In region 650, the availability of a salesman or other help is indicated. Employee 652 is available to assist the first person who requires assistance and Alice can request help from employee 652 by right clicking on his icon. User 654, however, will not be available to assist anyone for ten minutes as indicated by the superimposed clock. In some embodiments, the specialty of the help is indicated, e.g., employee 652 can offer general help as indicated by the “H” on his chest. Employee 654, however, is especially trained to provide assistance with respect to shopping for software as indicated by the “S.”
In various embodiments, other design elements such as color are used to indicate a variety of demographic or other information associated with visitors. For example, the length of time that a person has been in the store may be rendered as a color.
At 1004, an indication of the presence of a visitor is received. For example, when Alice loads the main page of the Acme website in her browser, an indication of her presence on that page is received at 1004.
At 1006, one or more representations (e.g., including a portion of the information received at 1002) to show to the visitor whose presence was detected at 1004 is determined. As described above, what information to show may depend on a variety of factors such as site privacy policies, the nature of the online store, user preference, system resources, etc. What information to show may also depend on factors such as in what part of the store the visitor is currently located, whether they are idle, what their demographics are, etc. In some embodiments, the representation may be based at least in part on information collected at 1002 at an earlier time or may be artificially created. For example, suppose a special event such as a product announcement or the presence of an author generated a lot of activity and interest at the online store at noon. If Alice was away from her computer at that time, she could nonetheless experience the “buzz” by interacting with a replay of that activity in region 112.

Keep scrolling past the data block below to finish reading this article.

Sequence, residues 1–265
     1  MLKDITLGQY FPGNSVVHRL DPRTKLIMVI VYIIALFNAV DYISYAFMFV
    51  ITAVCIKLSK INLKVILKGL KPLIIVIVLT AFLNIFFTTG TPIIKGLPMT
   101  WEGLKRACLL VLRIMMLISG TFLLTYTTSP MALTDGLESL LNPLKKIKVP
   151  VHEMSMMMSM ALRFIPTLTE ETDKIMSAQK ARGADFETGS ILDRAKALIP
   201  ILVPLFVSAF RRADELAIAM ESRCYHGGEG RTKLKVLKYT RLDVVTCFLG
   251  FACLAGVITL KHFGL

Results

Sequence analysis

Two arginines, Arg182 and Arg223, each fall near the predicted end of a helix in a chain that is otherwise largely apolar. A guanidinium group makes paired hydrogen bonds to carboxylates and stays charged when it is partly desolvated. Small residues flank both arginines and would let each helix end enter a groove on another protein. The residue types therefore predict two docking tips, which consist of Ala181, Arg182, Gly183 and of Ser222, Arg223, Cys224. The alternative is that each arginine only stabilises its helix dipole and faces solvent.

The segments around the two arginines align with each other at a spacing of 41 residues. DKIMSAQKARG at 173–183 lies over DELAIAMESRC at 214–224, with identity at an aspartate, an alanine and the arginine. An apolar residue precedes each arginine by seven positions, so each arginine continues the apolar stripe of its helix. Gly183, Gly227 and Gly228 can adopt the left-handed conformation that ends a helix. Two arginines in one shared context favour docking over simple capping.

At 1008, a representation of site usage is displayed, such as in region 112 of
Although the foregoing embodiments have been described in some detail for purposes of clarity of understanding, the invention is not limited to the details provided. There are many alternative ways of implementing the invention. The disclosed embodiments are illustrative and not restrictive.
|Cited Patent||Filing date||Publication date||Applicant||Title|
|US5937391 *||May 29, 1997||Aug 10, 1999||Fujitsu Limited||Point-service system in online shopping mall|
|US6381583 *||Jun 24, 1999||Apr 30, 2002||John A. Kenney||Interactive electronic shopping system and method|
|US6388688 *||Apr 6, 1999||May 14, 2002||Vergics Corporation||Graph-based visual navigation through spatial environments|
|US6850917 *||Oct 2, 2000||Feb 1, 2005||Oracle International Corporation||Methods and systems for sharing an online shopping cart|
|US7054928 *||Dec 21, 2000||May 30, 2006||M.H. Segan Limited Partnership||System for viewing content over a network and method therefor|
|US20020178072 *||May 24, 2001||Nov 28, 2002||International Business Machines Corporation||Online shopping mall virtual association|
|US20040148226 *||Jan 28, 2003||Jul 29, 2004||Shanahan Michael E.||Method and apparatus for electronic product information and business transactions|
|US20050261987 *||Jan 30, 2004||Nov 24, 2005||Bezos Jeffrey P||Notification service for assisting users in selecting items from an electronic catalog|
|US20060122895 *||Dec 6, 2004||Jun 8, 2006||International Business Machines Corporation||Method and system to enhance web-based shopping collaborations|